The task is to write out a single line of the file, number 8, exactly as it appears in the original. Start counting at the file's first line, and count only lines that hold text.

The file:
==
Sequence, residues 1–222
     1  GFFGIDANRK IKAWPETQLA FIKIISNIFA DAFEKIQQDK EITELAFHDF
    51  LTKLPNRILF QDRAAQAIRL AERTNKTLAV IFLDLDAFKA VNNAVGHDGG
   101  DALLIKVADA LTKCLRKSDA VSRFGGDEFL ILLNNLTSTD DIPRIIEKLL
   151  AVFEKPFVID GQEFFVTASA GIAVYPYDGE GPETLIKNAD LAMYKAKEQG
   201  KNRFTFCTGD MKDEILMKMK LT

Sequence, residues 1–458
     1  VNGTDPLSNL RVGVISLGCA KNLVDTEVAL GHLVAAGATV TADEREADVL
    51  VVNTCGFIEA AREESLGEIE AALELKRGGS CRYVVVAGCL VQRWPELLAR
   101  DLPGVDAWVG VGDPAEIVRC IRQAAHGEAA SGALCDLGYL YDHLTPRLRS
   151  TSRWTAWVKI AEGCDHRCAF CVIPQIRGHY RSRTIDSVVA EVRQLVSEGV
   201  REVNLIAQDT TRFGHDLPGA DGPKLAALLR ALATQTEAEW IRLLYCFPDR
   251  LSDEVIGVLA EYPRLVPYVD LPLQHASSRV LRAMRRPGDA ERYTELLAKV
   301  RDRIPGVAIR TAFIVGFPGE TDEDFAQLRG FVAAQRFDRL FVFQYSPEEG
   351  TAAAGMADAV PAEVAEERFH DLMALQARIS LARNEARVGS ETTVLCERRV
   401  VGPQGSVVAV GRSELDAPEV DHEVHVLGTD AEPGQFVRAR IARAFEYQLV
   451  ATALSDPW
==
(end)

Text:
     1  VNGTDPLSNL RVGVISLGCA KNLVDTEVAL GHLVAAGATV TADEREADVL